How Do You Deal With Internet Fraud - One also has...
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One also has to be careful that law is not used instead of industry action. Making something an offense does not mean that nothing need be done. The recent US Digital Millennium Act is perceived by some as preventing the exposing of inadequate security mechanisms. Given that the user is actually the one exposed by security inadequacies, careful consideration needs to be given over user reaction to such a situation.
Internet fraud has two distinct strands to it.
One results from the differences between doing business in the physical world and the dematerialized world of the Internet. This gap has been accentuated by the 'world of the Internet' to the point where the user has no conventional reference points. This leaves the user ill placed to make adequate judgments of any kind, not merely about security and the possibility of fraud.
The other results from technical inadequacies in the infrastructure used by the service providers. Lack of clear regulation has allowed registration practices to develop that are not acceptable anywhere else for doing business. Previously available security mechanisms have been implemented in ways that fail to protect the user and which require, if followed, unreasonable user effort and significant user education.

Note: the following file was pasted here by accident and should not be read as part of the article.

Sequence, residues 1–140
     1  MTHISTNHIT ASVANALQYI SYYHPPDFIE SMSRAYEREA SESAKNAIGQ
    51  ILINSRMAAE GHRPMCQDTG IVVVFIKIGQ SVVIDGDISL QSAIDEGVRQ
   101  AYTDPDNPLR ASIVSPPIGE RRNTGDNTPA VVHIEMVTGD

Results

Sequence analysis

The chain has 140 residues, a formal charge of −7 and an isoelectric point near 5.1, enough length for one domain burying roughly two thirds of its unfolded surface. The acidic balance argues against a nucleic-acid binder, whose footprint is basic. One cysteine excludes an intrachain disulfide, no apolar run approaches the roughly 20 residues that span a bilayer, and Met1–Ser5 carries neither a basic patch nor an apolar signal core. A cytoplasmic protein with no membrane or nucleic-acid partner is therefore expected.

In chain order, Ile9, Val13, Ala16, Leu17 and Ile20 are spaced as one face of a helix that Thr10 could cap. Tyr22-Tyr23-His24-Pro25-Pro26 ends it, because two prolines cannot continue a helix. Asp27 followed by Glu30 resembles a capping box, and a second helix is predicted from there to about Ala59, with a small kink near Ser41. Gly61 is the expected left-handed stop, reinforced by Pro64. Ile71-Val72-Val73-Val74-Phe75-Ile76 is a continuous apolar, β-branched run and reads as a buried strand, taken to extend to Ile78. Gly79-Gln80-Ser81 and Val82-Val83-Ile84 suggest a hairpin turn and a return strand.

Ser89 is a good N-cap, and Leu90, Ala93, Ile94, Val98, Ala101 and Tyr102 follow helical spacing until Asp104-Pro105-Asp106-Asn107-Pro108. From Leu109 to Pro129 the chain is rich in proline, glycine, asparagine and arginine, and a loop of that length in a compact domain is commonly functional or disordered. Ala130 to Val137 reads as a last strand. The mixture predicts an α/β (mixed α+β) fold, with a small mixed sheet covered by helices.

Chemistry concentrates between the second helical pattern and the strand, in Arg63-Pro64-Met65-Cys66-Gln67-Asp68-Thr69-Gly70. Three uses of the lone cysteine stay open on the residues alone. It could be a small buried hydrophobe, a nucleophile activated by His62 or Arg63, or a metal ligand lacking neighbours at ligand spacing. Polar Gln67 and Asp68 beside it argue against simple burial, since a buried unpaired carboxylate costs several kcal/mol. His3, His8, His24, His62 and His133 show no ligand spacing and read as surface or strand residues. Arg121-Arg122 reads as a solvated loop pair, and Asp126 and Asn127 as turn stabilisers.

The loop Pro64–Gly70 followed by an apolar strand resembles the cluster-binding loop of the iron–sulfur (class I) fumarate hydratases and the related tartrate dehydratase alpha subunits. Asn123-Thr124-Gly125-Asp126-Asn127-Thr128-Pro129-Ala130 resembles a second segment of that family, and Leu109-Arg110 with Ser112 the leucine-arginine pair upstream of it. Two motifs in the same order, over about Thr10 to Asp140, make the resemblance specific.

Mechanisms such as the law may be able to provide some assistance, but care needs to be taken that the law is not used as an excuse for inadequate business practices. It would be sensible to ensure that a duty of care to implement best practice is included in legislation to expose any who have failed to protect themselves, their shareholders or their customers. Self regulation is another essential approach, but it must avoid becoming all self and no regulation if it is to carry real conviction to a suspicious user community, and its practices must be clear, obvious and understandable to the ordinary man. The paper world has already done this so wheel re-inventing is not required.
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